January 11, 2010
TFC eyes draft moves
By GARETH WHEELER, QMI AGENCY
What will he do this time?
Toronto FC director of soccer Mo Johnston is known as a mover and shaker in Major League Soccer circles, always good to make a deal.
And Thursday's MLS SuperDraft should be no different, despite TFC not having a first-round draft pick and having only two picks in the draft (Nos. 24 and 53).
"I've actually been very quiet so far," Johnston said.
The silence won't last long.
"I'm confident we'll be able to get some things done over the next six or seven days," he said. "This year it's all about getting the right guy and the priority is to move up in the draft."
Johnston's job is that much more difficult, not having any American roster spots available. And using an international roster spot on an American drafted college player doesn't make sense for the club.
Translation: Expect some player movement from Johnston.
Johnston also acknowledged he's in on-going talks with various clubs and players, and now that the MLS player combine is over, the real action begins.
What Johnston will be able to get done is unclear.
While he acknowledges this year's draft is about "certain positions", it's more about asset management. Moving up to take a player of interest for another team, then turning that player into another asset coming back to the club seems like the most logical move.
And from the sounds of it, this is what new head coach Preki Radosavljevic would prefer.
Preki seems less than impressed with the roster. He admits the team is a work in progress. But unlike his former club Chivas, TFC ownership has afforded Johnston ample resources to bring in players.
"Preki has got his eye on a couple of targets he wanted while at Chivas and wasn't able to bring in. We've talked about it and I think I can get something done," Johnston said.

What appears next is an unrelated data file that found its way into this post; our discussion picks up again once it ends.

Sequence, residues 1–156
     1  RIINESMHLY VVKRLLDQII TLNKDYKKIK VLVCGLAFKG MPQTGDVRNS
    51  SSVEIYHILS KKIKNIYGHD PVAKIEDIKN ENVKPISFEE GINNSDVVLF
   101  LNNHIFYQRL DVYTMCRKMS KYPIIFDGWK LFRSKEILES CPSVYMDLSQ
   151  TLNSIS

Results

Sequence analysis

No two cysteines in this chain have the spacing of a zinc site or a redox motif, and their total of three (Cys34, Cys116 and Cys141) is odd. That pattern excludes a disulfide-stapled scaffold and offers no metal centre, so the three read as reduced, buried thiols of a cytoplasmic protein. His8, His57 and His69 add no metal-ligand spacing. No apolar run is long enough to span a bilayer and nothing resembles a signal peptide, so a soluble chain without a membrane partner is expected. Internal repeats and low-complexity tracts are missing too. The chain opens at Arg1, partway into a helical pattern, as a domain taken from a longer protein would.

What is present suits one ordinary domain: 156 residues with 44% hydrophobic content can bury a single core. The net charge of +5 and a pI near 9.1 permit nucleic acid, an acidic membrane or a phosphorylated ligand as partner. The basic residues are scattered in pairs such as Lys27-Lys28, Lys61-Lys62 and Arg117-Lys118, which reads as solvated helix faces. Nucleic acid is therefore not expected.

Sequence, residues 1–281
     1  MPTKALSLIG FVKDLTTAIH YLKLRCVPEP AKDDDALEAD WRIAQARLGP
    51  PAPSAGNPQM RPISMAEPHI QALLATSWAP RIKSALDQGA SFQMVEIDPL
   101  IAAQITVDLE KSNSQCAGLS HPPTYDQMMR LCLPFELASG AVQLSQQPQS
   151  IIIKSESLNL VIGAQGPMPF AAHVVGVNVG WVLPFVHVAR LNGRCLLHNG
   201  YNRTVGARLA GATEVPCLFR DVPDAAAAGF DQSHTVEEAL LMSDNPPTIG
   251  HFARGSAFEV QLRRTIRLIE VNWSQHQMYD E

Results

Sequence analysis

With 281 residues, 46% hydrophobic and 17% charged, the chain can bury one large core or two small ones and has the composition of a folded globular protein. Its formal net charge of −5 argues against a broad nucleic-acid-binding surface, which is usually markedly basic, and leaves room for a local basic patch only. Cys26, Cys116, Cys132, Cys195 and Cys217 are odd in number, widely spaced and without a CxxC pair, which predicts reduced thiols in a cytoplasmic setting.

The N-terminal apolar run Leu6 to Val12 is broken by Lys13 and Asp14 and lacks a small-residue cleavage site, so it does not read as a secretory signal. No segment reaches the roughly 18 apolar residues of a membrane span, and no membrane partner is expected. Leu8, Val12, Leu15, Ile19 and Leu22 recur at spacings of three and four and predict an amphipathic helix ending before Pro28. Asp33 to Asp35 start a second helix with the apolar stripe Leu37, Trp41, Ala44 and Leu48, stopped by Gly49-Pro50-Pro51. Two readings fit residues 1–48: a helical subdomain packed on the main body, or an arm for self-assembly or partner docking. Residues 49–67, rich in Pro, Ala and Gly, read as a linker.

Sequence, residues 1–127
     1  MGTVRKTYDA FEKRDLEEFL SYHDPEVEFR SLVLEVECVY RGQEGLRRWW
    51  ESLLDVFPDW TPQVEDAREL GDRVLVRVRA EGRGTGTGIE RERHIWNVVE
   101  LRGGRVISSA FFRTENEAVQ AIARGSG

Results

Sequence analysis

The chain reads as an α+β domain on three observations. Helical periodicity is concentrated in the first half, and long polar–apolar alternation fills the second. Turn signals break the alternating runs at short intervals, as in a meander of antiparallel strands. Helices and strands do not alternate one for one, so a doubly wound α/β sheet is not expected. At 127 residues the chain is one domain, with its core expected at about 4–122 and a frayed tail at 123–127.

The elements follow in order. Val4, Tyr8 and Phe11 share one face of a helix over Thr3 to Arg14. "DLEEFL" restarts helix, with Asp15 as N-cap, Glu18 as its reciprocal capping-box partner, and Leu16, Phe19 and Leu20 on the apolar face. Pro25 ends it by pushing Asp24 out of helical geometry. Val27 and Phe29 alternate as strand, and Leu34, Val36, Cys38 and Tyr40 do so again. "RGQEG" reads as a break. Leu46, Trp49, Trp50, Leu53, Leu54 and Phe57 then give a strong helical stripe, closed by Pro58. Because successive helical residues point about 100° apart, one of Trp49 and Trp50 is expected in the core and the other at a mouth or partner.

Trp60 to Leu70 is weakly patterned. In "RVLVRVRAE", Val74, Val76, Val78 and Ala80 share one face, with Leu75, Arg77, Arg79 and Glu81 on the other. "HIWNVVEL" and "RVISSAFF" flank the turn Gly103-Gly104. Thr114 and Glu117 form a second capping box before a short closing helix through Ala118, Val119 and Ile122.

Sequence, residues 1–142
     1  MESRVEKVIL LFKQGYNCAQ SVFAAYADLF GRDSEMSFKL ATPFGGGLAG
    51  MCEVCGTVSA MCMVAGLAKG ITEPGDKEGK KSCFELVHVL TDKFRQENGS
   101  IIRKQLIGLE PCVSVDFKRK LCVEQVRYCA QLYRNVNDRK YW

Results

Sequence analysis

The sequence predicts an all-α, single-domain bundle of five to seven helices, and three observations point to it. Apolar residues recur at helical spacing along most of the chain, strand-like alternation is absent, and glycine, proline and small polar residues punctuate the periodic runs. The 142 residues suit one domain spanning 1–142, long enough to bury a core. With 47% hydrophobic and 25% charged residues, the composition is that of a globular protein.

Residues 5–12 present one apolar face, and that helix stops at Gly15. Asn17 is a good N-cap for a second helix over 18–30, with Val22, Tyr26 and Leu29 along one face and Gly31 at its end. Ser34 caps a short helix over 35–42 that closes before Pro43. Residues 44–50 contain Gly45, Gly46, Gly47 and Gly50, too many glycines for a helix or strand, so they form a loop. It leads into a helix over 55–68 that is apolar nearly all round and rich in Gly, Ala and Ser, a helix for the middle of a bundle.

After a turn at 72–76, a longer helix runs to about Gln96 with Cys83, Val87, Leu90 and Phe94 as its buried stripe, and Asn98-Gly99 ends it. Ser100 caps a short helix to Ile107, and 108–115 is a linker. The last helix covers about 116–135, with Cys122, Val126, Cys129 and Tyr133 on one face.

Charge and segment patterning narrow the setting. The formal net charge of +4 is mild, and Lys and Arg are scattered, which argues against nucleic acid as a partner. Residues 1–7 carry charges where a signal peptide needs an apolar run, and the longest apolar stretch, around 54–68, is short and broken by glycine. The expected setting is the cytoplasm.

This approach benefits Preki in putting together a team in his own mold while adding some much-needed MLS experience to the roster.
If Johnston elects to move up in the draft and to keep the pick, it could also signal his interest in Teal Bunbury -- this year's Mac Hermann Trophy winner as the NCAA'S top player.
Bunbury's name resonates with Canadian soccer fans, as the son of former Canadian International Alex. Bunbury proved his worth as a dynamic goal-scorer this past season, leading his Akron Zips to an undefeated regular season and then taking them all the way to the national final. His Canadian designation doesn't hurt either.
"He's a good, young player.He's 6-foot-2, strong, fairly quick and I played with his father." Johnston said.
If Johnston can bring in Bunbury, TFC would have two of the past three Mac Hermann Trophy winners on their roster. Forward O'Brien White was the 2007 recipient. The Canadian connections to both White and Bunbury could make for an intriguing striker combination for years to come.
Last year, Johnston landed all three of his major targets. Instead of trading away any of his three first-round picks, Johnson did the unusual for him, staying status quo, selecting midfielder Sam Cronin (second), White (fourth) and goalkeeper Stefan Frei (13th), all of whom had varying levels of success in their respective rookie campaigns.
In fact, TFC has considerable young talent. Defender Nana Attakora (20), and to a lesser extent young Gambian duo of Amadou Sanyang (18) and Emmanuel Gomez (19), are reason to believe better days lie ahead for the Reds.
The pressure is on for Johnston to get it right this off-season right. While Maple Leaf Sports and Entertainment Ltd. is resolutely standing by its man, the public knives have been out for Johnston for quite some time, after three subpar years under his watchful eye.
"The entire process is a game and in the end it all funnels through. We've got a game-plan. "